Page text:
During the 370Z’s nine-year tenure on sale in the U.S., we’ve tested several iterations of Nissan’s two-seat sports car. But this is the first time we’ve gotten ahold of a base model without any performance-enhancing options, which also made it the slowest Nissan 370Z we’ve tested.
Defanged base models of high-powered sports coupes have been around since the original Mustang and Camaro, so it shouldn’t surprise us that Nissan knows how to play the game, too. With a starting price just a shade over 30 grand, the base Z allows Nissan fans to gain all the looks—and a hint of performance—of the full-zoot model.
Power for our 2017 Nissan 370Z coupe comes from the same 3.7-liter DOHC 24-valve VQ V-6 making 332-hp and 270 lb-ft of torque as other non-NISMO models, and it’s backed by a six-speed manual transmission sans the available SynchroRev Match feature. NISMO models make 350 hp and 276 lb-ft.
At the drag strip, the base 2017 Nissan 370Z reached 60 mph in 5.2 seconds and finished the quarter mile in 13.7 seconds at 102.7 mph. We’ve tested eight other 370Z models, including two convertibles and two NISMO models, since it arrived for the 2009 model year. In testing, past models reached 60 mph in 4.75.1 seconds and ran the quarter mile in 13.313.6 seconds at 102.9107.2 mph.
Our tester stopped from 60 mph in 117 feet. Previous models stopped in 102114 feet.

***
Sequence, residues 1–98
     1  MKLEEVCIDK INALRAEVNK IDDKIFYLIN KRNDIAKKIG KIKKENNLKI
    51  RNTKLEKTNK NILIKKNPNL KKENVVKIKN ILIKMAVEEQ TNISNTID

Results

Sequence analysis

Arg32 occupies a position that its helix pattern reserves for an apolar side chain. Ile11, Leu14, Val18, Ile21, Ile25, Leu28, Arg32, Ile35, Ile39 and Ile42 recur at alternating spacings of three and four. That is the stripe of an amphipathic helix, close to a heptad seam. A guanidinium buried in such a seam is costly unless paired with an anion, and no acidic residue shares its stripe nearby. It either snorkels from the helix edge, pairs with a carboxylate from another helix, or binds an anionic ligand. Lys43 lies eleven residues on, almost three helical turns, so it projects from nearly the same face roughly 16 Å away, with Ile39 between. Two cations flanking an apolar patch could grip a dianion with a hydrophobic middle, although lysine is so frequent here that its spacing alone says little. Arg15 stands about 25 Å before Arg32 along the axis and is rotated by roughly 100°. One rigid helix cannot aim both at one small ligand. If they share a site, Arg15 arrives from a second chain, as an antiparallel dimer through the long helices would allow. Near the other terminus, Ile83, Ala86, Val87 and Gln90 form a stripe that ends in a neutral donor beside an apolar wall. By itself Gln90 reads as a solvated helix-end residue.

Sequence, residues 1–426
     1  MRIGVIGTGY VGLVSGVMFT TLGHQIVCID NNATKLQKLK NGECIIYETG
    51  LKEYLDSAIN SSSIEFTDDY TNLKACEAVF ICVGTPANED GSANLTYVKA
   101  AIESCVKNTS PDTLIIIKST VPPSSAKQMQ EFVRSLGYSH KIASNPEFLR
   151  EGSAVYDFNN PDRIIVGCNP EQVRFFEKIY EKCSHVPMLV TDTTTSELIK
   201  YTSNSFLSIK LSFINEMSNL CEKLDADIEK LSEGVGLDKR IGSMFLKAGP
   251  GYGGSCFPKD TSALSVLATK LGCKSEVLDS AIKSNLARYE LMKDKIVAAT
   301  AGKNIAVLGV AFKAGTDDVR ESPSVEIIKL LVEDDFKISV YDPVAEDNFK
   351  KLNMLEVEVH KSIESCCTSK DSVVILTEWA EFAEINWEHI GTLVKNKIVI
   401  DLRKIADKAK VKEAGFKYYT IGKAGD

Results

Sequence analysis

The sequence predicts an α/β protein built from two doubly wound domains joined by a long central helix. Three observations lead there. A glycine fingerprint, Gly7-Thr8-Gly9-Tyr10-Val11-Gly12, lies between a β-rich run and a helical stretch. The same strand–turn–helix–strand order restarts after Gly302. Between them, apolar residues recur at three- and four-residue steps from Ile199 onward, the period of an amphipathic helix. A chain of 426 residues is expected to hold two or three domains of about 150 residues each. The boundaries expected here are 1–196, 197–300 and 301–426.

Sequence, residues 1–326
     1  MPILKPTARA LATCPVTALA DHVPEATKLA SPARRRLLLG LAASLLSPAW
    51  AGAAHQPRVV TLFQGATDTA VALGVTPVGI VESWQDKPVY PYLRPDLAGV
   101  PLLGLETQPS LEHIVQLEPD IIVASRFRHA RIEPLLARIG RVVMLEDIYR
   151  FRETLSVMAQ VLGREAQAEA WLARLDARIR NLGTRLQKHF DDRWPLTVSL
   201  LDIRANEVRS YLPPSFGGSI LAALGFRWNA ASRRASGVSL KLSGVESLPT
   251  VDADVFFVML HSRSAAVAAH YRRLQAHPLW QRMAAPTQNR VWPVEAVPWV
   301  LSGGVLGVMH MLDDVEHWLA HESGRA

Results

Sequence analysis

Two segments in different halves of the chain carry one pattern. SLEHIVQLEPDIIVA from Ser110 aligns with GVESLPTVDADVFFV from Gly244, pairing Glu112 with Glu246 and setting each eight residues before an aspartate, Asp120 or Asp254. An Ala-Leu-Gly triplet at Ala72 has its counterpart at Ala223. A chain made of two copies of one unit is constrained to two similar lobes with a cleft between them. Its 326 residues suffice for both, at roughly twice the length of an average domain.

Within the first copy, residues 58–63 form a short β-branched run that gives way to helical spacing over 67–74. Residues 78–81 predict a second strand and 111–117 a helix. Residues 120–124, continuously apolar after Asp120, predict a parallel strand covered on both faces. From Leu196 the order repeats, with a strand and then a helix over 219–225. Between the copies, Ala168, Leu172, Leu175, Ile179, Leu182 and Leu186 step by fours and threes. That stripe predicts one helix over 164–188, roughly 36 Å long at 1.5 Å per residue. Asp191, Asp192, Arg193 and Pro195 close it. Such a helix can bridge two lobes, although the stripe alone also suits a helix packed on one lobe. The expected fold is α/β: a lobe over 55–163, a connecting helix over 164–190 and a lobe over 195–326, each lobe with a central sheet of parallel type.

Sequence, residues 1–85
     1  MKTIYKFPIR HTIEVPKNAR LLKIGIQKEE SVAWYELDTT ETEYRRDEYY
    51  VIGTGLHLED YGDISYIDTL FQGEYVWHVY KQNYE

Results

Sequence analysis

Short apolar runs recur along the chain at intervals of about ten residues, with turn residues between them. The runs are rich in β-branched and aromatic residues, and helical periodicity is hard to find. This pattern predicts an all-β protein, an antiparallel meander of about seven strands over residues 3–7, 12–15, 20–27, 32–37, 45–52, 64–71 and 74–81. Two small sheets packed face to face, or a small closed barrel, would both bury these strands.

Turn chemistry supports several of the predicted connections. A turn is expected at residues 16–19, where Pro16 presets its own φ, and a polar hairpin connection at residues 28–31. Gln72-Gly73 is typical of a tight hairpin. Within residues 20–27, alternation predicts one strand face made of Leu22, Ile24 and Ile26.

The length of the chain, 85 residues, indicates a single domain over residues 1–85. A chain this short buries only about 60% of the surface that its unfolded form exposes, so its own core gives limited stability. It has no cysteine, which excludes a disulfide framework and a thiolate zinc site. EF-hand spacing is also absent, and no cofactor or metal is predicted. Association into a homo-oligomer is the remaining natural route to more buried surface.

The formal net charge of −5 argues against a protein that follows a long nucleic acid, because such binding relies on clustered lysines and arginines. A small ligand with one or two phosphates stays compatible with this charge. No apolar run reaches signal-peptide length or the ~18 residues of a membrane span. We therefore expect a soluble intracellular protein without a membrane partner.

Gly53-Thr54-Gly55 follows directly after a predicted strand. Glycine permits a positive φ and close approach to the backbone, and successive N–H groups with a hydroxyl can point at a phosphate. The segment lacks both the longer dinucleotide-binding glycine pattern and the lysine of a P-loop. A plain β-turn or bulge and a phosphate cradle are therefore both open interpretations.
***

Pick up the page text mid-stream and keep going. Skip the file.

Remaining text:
In our handling tests, the base 2017 370Z lapped the figure eight in 25.9 seconds at 0.69 g lateral average and pulled 0.89 g lateral average around the skidpad. In comparison, past models lapped the figure eight in 24.725.9 seconds at 0.700.78 g and pulled between 0.91 g and 1.01 g around the skidpad.
So what gives? Despite no horsepower or transmission changes, why is our 2017 Nissan 370Z so much slower than earlier testers? It all comes down to two things: lack of a viscous limited-slip differential and narrower wheels with higher-profile tires.
Walton went on to critique the shifter. “The 2-3 upshift is pretty heavy, though the gate is accurate, and I never missed it,” he said. “However, the 3-2 downshift was very balky, and the pedal placement could be better for heel-toe downshifts. This car does not have the automated matched-rev downshift program.”
All these stats leads us back to Ayapana’s original thought during acceleration testing: How would the Nissan 370Z perform “with Pilot Super Sport” or other high-performance tires? Could the 370Z beat the less expensive Camaro V6 ILE or keep up with the V-8 muscle cars with the right tire? Possibly. Could the right set of tires help the base 370Z match or beat the more expensive NISMO model? Also possible. We theorize a base Z with some sticky rubber could outperform the NISMO car for 10 grand less.
But we hope Nissan brings out the next-generation Z sooner than later. Some rumors suggest a new Z concept could make its debut at the next Tokyo auto show with a production model ready for the 2019 model year, but nothing has been confirmed by Nissan. After a decade on the market, the Nissan 370Z is due for a much needed re-TIRE-ment.